Once you have mastered the basics of understanding dog body language, it’s time to apply this vital knowledge to your own furry family member. Just as speaking a new language with a native speaker can be a bit of a revelation, you may discover that it is not quite as simple to ‘read’ your dog, as it is to understand canine behavior from pictures.
First off, dogs communicate their emotions extremely quickly – in fact, the event may happen so fast that you miss it! Just as native speakers of a foreign language appear to be speaking very quickly until you get used to their language, it will likely take time and practice to ‘catch’ some of your dog’s more subtle signals.
Complicating matters further, not all dogs are built the same! It may sound perfectly obvious, but a docked (cut off – ugh!) tail puts a human at a distinct disadvantage when trying to assess the temperament of a strange dog from a distance! This is where context becomes vital. It is essential to avoid relying on just one part of a dog’s anatomy when reading his body language. In other words, if the dog with a docked tail is approaching you – be sure to evaluate the whole package!
It’s not only dogs with docked tails that can cause humans to get in a muddle when trying to communicate with their dog. The enormous number of dog breeds has resulted in tremendous variety. For example, dog tails come in many different shapes and styles – ranging from none at all to tightly curled and held close above the body. Some dogs have thin wispy tails whereas others are so fluffy, it can be challenging to make out what the dog is communicating. Paralyzed dogs may have tails that hang down low regardless of their emotional state.
Knowing your own dog is therefore extremely important to avoid simple misunderstandings. Since each dog has a unique physical comportment – learn to identify her overall body language when happy and relaxed, or anxious and stressed. Look for obvious pointers first. Is the body language loose and relaxed or tense and fixed? How does she usually look when happy and playful? Your dog will still provide all the usual clues regardless of breed, but it is up to her human to identify her particular message – especially if your fur baby is a fluffball! Simply being able to recognize how your dog carries her tail when laid-back and calm will give you a baseline for more urgent calls such as when your dog is anxious or excited.
Similar to the tail, your dog’s ears will also differ depending upon his breed. Some dogs have ears that are trained to be erect whereas others have long floppy ears that always hang down (think basset hound). Some dogs have funky ears that flip inside out! Others have experienced horrendous cruelty and had their ears trimmed off in a misguided attempt to make them look fierce.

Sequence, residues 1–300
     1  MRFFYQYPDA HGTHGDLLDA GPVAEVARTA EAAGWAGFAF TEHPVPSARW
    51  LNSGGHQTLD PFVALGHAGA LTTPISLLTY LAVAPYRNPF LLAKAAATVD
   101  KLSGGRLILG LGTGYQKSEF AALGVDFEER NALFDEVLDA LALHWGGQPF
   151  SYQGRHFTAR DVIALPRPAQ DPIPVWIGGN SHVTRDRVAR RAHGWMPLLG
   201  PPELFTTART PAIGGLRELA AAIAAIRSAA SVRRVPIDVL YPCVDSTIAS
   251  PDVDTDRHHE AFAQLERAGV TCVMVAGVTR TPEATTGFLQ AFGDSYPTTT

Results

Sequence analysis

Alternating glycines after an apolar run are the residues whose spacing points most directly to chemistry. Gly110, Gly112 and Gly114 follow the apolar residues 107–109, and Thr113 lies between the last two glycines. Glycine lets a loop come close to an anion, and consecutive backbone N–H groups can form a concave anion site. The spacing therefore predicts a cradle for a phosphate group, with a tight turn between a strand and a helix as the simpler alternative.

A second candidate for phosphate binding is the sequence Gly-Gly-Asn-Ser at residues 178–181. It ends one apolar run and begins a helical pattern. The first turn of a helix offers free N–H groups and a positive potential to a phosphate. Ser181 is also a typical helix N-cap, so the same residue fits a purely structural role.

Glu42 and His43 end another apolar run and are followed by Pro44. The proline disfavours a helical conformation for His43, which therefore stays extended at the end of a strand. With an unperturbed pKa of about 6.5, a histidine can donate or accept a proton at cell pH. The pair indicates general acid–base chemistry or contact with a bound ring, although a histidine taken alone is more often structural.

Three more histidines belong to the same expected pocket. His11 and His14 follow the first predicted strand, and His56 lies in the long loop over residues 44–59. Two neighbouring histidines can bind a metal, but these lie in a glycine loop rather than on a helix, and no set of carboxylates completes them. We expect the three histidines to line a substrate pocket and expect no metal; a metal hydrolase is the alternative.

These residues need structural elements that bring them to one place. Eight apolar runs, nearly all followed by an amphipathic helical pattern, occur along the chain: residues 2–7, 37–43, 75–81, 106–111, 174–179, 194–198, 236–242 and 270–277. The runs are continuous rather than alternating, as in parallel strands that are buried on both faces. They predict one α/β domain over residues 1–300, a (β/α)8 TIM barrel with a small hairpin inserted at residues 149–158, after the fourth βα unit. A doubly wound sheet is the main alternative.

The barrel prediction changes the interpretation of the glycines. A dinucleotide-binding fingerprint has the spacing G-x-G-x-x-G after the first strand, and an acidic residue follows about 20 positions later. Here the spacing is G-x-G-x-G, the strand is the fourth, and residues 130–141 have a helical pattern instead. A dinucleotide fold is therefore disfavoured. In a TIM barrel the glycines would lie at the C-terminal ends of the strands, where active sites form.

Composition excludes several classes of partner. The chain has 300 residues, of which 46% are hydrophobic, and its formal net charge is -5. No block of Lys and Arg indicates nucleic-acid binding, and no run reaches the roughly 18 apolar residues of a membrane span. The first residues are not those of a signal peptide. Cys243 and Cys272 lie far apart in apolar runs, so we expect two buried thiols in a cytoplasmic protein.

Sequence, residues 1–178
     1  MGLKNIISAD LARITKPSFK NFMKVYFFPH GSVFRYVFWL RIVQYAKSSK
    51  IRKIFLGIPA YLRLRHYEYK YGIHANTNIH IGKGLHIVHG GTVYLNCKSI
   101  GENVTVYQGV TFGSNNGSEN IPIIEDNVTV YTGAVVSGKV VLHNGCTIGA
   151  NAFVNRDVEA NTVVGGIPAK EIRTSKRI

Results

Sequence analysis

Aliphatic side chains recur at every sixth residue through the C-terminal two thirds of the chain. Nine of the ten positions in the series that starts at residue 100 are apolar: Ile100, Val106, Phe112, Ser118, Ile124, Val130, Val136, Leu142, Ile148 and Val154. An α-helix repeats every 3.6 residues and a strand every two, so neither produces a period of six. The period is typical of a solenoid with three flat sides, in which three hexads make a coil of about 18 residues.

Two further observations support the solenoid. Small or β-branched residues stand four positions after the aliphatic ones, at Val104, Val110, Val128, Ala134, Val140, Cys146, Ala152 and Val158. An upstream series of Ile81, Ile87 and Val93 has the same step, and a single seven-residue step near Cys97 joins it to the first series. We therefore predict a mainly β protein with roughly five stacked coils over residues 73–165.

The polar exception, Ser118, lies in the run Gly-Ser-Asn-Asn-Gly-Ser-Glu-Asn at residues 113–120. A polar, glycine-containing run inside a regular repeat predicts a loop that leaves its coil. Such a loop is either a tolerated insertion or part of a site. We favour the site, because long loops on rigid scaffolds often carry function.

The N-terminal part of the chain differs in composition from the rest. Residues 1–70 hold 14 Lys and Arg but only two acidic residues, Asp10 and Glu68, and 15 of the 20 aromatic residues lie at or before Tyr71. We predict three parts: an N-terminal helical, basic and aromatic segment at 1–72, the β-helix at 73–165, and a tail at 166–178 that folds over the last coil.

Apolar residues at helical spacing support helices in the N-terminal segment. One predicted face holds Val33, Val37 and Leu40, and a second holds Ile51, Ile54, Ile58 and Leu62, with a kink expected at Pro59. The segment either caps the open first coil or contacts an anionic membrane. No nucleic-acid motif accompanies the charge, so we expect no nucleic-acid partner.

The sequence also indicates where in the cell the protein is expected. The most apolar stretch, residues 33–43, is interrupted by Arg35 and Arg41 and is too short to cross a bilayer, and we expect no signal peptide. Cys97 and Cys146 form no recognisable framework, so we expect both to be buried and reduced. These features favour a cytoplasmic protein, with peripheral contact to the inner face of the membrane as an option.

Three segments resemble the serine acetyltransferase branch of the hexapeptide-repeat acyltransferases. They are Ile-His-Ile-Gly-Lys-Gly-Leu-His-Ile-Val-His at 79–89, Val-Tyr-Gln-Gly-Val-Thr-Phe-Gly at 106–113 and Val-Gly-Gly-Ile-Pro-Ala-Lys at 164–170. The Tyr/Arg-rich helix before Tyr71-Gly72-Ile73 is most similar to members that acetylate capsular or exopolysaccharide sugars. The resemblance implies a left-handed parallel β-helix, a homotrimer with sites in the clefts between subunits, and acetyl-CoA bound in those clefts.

Even if your dog is one that has erect ears such as the rat terrier pictured on the left, you will still notice tremendous variation in the way the ears are carried. Dogs have a dozen different muscles to position their ears for catching sound and communicating how they feel. Unlike our stationary ears (alright some of us can wiggle our ears!) dogs are capable of moving their ears up and down, pitching them forward and backward, and rotating their ears. As you can imagine, there is a lot of communication that takes place via your dog’s ears!
It is said that the eyes are windows to the soul, and this is certainly true of our canine family members!
When a dog really wants something – like your dinner – she will frequently offer up a long, unblinking, stare. Most humans find this ‘look’ very hard to resist, and the dog quickly learns that her persuasion is richly rewarded!
Even the way your pooch positions his head is noteworthy. A common behavior trait exhibited by dogs is the head tilt. This is a sign that your dog is interested in something. Additional body language clues will give away whether the dog is becoming aroused or is merely curious.
Our wonderful dogs are richly communicative, and definitely not ‘dumb’ animals! Once humans learn to unlock the key to understanding what their furry family member is telling them, they are in a much better place to be able to truly respond with sensitivity and care. Best of all, regardless of whether your dog comes from the Middle East, North America, Asia, or India – they all speak the same language! We owe it to our pets to learn to speak dog!
For more information on LALDR’s adoptive dogs (and the occasional cat!) please visit our website.
Anne P. (Administrator)